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Mopeds are becoming increasingly popular with drivers in Indiana. We understand why. For one, mopeds don’t guzzle tons of gas. They take up less space than a car, so they’re easier to store and park. They also look stylish, so they can turn heads when you whizz by.

However, it’s important to know that while mopeds may resemble souped-up bicycles, they are a little more complicated. Namely, because they are motorized vehicles and not manually operated, licensing, operation, and insurance require some specialized know-how. And, if you’re in an accident involving a moped, you should be aware of your legal rights and obligations. Learn more about Indiana moped laws with the experts at Alvarez Law Office.

What is a Moped?

It’s a small type of motorized cycle. It is powered by either an internal combustion engine or battery-powered motor, and it also has pedals. While licensing tends to be less tough than full-fledged motorcycles, it’s tougher than for plain pedal bikes.

The design of these wheeled vehicles can vary—some have a step-through frame closer to a conventional bicycle, and others look more like a pared-down motorcycle. Most have two wheels, but in Indiana, some three-wheeled vehicles fall into that category.

Moped vs. Motorcycle: What’s the Difference?

Mopeds and motorcycles might look closely related, but there are characteristics that distinguish the two. To be considered a moped, a vehicle has to meet all three of the following requirements:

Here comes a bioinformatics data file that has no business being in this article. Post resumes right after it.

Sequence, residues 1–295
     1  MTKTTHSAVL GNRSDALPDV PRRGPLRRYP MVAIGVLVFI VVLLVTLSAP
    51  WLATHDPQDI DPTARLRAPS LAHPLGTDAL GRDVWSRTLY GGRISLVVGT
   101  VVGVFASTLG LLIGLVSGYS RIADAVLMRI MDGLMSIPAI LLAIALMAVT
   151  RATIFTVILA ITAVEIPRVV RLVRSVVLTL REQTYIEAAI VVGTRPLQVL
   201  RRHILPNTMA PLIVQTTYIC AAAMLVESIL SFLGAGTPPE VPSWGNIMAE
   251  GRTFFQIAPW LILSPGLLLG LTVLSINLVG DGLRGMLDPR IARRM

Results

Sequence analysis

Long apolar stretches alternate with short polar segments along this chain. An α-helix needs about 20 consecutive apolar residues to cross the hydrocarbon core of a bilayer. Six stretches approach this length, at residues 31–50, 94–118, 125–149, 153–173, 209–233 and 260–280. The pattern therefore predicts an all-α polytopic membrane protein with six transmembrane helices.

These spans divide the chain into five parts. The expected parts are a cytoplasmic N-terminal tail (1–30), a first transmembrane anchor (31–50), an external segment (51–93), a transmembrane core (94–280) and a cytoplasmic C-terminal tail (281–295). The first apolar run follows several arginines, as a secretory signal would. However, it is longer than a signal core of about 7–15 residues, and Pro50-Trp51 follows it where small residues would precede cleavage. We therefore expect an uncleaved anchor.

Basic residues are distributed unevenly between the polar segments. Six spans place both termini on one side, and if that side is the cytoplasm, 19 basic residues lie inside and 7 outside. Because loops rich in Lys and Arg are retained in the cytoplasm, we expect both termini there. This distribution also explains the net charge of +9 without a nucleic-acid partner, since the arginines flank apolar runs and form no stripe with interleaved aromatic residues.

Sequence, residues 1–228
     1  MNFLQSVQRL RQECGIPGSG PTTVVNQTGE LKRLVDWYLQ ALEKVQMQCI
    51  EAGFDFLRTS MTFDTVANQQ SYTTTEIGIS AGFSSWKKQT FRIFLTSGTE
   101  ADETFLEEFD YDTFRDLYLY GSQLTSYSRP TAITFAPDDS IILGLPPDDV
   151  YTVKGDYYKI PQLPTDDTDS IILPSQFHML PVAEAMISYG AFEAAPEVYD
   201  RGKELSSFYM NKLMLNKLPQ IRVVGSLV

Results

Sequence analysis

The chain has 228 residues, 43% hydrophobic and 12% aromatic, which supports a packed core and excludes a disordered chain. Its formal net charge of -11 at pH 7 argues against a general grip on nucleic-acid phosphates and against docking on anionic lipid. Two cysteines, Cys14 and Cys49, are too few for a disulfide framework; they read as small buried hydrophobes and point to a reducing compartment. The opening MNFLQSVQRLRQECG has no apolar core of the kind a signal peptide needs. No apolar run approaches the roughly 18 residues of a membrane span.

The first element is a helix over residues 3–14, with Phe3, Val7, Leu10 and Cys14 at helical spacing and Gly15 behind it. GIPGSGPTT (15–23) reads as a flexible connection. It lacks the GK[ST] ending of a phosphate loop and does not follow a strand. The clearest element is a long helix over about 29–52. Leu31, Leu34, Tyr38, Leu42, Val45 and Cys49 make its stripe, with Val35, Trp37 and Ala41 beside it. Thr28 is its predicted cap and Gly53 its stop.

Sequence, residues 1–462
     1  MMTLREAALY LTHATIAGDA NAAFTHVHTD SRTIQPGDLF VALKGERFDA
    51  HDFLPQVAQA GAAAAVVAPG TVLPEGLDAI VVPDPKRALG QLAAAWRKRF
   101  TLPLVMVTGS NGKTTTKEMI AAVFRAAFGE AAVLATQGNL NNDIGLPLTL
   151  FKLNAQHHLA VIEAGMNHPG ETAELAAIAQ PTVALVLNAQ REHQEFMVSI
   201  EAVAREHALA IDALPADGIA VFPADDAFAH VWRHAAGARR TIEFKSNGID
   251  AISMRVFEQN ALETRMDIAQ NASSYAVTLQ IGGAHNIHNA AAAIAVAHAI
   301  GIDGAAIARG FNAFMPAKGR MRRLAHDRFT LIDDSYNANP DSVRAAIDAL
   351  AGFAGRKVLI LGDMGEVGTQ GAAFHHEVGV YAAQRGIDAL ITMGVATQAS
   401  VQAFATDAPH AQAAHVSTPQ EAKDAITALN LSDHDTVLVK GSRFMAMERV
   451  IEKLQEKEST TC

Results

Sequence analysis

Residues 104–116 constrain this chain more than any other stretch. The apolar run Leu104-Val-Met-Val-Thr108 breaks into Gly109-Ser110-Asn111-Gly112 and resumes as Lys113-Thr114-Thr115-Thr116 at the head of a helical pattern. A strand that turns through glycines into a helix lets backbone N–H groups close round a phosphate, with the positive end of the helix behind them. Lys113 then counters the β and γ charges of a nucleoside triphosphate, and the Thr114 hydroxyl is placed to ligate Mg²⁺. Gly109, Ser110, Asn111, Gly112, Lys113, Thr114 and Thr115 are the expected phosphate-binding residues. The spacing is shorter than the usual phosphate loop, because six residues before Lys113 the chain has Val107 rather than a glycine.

• engine displacement at or below 100cc (cubic centimeters)
  • top speed of less than 30 mph on pavement
  • no manual gear shift

If it does not meet all three of these, it is considered a motorcycle.

Moped vs. Scooter: What’s the Difference?

Typically, a scooter features a step-through frame much like most mopeds. The key differences between the two vehicles have to do with top speed. While mopeds cannot top 30 mph, scooter speeds vary according to motor size. For example, a 150cc scooter can reach 60 mph, and a 250cc scooter can hit 75 mph.

What’s the Legal Age to Drive a Moped in Indiana?

To legally operate a moped in the state, drivers must be at least 15. It is important to know that drivers or riders under 18 must wear both a helmet and eye protection while on a moped. You cannot simply put on a baseball cap and a pair of sunglasses. The helmet should be headgear approved by the US Department of Transportation. Also, the required protective eyewear should be proper glasses, goggles, or a transparent face shield attached to the helmet.

Do You Need a License to Drive a Moped?

While moped operators do not need to obtain an Indiana motorcycle license, they do need to register with the state’s Bureau of Motor Vehicles. A motorcycle license or driver’s license qualifies a Hoosier to operate a moped, but to legally drive a moped, you must possess at least a BMV-issued identification card.

Do You Need a License to Drive a 50CC Scooter in Indiana?

Yes, engine displacement of 50CC is the level at which a motorized vehicle requires a license.

Do You Need to Acquire Plates for a Moped in Indiana?